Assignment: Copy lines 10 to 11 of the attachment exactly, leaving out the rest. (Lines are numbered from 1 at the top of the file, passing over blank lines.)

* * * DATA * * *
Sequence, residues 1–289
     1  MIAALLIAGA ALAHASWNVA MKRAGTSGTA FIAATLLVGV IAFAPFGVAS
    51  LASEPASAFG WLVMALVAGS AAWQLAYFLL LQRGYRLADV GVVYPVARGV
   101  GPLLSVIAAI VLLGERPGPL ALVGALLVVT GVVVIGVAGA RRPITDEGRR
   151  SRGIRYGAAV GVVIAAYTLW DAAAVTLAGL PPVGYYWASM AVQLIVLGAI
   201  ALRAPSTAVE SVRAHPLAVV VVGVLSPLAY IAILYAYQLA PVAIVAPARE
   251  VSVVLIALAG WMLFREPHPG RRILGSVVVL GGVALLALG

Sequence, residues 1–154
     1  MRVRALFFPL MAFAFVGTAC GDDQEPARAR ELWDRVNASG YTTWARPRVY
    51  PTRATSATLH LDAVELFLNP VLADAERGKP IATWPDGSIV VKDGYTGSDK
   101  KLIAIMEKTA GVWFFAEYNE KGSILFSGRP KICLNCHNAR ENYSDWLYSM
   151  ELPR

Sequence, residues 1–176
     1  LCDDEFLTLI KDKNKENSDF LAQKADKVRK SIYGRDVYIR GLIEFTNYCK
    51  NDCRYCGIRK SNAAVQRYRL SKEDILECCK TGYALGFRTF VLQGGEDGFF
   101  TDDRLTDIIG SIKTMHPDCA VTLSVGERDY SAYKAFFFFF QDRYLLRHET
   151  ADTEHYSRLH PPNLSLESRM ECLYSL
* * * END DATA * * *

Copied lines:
    51  PTRATSATLH LDAVELFLNP VLADAERGKP IATWPDGSIV VKDGYTGSDK
   101  KLIAIMEKTA GVWFFAEYNE KGSILFSGRP KICLNCHNAR ENYSDWLYSM